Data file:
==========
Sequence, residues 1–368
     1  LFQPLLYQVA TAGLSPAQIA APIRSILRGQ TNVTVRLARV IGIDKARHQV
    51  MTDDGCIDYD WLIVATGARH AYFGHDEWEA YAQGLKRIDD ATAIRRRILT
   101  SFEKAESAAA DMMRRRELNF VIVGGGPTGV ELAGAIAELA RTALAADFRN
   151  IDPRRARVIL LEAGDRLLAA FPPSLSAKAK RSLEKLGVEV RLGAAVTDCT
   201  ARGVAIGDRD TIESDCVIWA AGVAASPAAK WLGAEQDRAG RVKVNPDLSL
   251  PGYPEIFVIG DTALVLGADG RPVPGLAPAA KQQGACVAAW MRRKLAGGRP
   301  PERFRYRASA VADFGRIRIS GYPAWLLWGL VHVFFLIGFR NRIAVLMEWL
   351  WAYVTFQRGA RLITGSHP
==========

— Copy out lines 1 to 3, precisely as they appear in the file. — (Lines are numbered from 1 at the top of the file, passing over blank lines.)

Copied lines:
Sequence, residues 1–368
     1  LFQPLLYQVA TAGLSPAQIA APIRSILRGQ TNVTVRLARV IGIDKARHQV
    51  MTDDGCIDYD WLIVATGARH AYFGHDEWEA YAQGLKRIDD ATAIRRRILT